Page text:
PG-13 for sexual content and language
1 hr. 30 min.
Pierce Brosnan, Julianne Moore, Nora Dunn,
Frances Fisher, Parker Posey
New Line Cinema
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Laws of Attraction
By Elliott Ryan
- Pierce Brosnan and Julianne Moore star in this romantic comedy
about romance blossoming between two opposing divorce attorneys. The movie
is a light-hearted love story that actually ends up teaching a good moral
lesson on marriage. It is a pleasant, though formulaic, ninety minute
Brosnan and Moore both portray undefeated divorce litigators who are
single. At first, they arent too fond of each other. They repeatedly
find themselves on opposite sides of high profile divorce cases. As is
often the case in movies like this, the viewers realize that the main
characters are falling in love long before the characters themselves sense
their budding romance. So, of course, there is a series of disagreements
and misunderstandings that cause the principal characters to dislike each
other while viewers wait for the inevitable to happen.
The problem with this movie (and many others that share this basic plot
structure) is that the characters are not really given any real reason
to fall in love with each other. Suddenly, they just decide to like, and
eventually love, each other rather than hating each other. About the only
thing that appears to bring these characters together is their fondness
for getting drunk together. It seems that if alcohol had not played such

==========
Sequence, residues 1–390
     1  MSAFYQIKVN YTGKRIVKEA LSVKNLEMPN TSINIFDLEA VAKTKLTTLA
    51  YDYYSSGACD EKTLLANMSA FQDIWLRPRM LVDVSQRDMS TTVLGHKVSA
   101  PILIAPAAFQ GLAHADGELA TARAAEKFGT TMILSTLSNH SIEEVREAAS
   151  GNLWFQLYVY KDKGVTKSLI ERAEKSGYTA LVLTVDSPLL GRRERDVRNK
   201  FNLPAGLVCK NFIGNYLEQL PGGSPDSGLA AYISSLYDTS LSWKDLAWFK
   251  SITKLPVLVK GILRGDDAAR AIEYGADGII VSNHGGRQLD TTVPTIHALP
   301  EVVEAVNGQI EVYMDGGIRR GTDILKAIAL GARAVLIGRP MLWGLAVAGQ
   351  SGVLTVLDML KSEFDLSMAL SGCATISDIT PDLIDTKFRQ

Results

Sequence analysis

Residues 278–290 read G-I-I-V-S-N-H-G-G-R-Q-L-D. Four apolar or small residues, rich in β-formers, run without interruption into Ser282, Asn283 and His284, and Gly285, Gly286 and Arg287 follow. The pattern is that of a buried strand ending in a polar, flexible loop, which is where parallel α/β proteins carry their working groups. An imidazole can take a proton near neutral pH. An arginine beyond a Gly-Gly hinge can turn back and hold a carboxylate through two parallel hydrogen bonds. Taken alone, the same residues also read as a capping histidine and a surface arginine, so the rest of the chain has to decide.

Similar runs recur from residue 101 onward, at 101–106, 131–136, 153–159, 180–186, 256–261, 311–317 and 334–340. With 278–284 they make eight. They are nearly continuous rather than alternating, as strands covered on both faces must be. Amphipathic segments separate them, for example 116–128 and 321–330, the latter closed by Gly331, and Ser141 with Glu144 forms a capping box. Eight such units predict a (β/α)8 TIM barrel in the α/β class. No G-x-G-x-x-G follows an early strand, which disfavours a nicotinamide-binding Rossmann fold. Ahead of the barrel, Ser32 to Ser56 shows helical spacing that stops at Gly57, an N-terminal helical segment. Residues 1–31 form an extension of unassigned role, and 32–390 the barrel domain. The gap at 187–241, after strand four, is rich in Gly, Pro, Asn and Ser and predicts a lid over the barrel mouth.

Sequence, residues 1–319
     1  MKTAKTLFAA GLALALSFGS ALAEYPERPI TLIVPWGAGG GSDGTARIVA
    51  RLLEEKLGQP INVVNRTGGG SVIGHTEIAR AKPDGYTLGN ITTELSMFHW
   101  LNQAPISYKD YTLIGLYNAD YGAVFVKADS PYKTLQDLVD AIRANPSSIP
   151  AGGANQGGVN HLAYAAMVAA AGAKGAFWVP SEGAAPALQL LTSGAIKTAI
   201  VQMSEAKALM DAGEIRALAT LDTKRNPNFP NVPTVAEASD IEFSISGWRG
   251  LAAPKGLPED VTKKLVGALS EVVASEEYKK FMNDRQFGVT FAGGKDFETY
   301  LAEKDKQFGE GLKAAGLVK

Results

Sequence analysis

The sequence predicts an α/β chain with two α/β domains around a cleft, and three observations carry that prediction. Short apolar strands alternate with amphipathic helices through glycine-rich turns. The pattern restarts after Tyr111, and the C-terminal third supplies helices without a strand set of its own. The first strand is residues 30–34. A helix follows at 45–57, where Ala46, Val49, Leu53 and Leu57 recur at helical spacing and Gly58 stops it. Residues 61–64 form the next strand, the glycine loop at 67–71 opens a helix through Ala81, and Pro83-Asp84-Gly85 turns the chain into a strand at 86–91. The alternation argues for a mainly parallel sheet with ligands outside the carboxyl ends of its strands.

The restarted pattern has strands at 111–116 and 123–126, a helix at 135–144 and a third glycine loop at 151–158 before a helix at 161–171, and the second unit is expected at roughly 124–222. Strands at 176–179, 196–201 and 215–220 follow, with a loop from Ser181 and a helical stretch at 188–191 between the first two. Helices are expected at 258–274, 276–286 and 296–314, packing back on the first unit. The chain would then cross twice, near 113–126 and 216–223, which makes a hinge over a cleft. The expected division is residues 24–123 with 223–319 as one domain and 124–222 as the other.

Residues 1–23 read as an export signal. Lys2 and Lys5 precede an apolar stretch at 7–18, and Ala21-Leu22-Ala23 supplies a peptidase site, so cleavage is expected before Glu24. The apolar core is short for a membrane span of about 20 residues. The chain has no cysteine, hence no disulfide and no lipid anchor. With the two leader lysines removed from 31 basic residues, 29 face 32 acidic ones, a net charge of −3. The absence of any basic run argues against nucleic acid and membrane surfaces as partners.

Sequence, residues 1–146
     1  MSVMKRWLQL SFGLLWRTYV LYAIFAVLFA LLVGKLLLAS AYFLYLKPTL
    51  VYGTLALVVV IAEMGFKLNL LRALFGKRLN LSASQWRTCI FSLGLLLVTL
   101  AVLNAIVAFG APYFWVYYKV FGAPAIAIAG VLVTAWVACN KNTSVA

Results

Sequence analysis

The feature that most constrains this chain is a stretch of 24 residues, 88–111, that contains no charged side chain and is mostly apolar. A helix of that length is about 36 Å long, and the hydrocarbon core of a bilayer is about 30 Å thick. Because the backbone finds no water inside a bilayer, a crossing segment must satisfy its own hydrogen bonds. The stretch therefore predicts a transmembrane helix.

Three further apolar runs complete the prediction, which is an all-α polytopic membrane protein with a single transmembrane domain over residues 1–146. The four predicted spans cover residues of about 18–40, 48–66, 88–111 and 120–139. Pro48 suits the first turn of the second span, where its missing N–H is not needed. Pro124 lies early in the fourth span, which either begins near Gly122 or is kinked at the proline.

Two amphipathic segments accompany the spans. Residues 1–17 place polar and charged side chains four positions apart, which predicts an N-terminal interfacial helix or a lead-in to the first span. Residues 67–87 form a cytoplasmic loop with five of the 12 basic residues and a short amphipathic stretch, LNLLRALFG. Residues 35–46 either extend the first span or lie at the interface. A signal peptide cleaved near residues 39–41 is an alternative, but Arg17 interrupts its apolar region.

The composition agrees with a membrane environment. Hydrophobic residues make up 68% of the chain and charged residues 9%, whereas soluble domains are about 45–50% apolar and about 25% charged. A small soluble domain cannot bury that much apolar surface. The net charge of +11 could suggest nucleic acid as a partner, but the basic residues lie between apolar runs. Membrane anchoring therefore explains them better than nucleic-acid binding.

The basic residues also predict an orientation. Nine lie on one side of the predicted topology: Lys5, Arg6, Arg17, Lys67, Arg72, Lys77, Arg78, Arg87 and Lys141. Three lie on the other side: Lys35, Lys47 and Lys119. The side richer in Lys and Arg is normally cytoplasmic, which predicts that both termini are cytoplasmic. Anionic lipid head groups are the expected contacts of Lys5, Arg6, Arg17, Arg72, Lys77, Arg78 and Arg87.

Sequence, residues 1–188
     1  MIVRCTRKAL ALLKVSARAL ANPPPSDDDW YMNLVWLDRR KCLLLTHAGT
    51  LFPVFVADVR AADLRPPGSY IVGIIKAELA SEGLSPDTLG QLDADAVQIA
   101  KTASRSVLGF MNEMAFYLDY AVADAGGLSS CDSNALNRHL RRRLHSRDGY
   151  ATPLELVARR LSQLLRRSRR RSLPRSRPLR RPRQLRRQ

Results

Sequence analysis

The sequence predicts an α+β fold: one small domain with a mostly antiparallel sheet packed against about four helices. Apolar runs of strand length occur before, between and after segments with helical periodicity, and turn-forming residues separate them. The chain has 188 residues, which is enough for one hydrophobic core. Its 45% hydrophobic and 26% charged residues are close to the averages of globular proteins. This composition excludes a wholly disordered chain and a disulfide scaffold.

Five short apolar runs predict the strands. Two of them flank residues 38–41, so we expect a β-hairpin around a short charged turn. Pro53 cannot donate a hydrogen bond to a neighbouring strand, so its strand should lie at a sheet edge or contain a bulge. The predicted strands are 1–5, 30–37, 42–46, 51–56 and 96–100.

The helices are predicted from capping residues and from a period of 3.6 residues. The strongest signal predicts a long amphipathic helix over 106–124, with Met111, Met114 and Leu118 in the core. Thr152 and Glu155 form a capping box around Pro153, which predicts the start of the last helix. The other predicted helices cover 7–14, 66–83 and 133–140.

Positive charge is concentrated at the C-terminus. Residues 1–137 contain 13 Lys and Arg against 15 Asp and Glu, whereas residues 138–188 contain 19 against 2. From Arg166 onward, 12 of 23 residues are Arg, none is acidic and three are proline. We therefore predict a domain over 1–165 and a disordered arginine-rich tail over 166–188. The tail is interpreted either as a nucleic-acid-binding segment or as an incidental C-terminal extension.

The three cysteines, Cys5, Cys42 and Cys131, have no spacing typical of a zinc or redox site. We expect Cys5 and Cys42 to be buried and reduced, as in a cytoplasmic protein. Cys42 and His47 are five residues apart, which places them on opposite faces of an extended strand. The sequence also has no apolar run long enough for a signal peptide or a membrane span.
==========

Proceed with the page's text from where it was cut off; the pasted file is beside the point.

a major role in the relationship, Brosnan and Moores characters
would have never gotten together at all.
But, they do eventually get together. The details are fuzzy to both the
characters and viewers but they end up waking up married to each other
one morning. It isnt really spoiling too much of the plot to reveal
that information. Anyone who has seen the trailer advertising the movie
already knows that the couple wakes up in shock over their late-night,
alcohol-induced nuptials. The rest of the film involves them deciding
what to do about their unexpected marriage.
all of this as a background, it might surprise Christian viewers to see
that a positive message about saving marriages is advocated by these divorce
attorneys by the time the film ends. These two characters, who made a
great deal of money profiting from the failing marriages of their clients,
are suddenly forced to question their own beliefs about marriage. The
conclusion they reach is not completely unlike something youd hear
in a Sunday School lesson on marriage.
Frances Fisher stars as Moores mother. While Moores character
is serious and preoccupied with her career, her mother is much more of
a free-spirit who seems preoccupied with reliving her youth by any means
necessary. Fishers character exists mainly as a confidant for Moore
and as a comedic diversion. Parker Posey and Micheal Sheen co-star as
clients going through bitter divorce proceedings. Nora Dunn puts in a
solid performance as a judge who has to listen to the two main characters
bicker during those proceedings.
While the characters do end up teaching viewers a good message about
marriage, this movie is not appropriate for the whole family. While there
is no nudity, there are several scenes of implied sexual behavior. Repeated
references are made to adultery and fornication (after all, a good deal
of the movie does take place in a courtroom during divorce proceedings).
There is also a small amount of inappropriate language. The positive message
about marriage may be enough to counteract the negative examples set at
times in the movie. But leave the kids at home.
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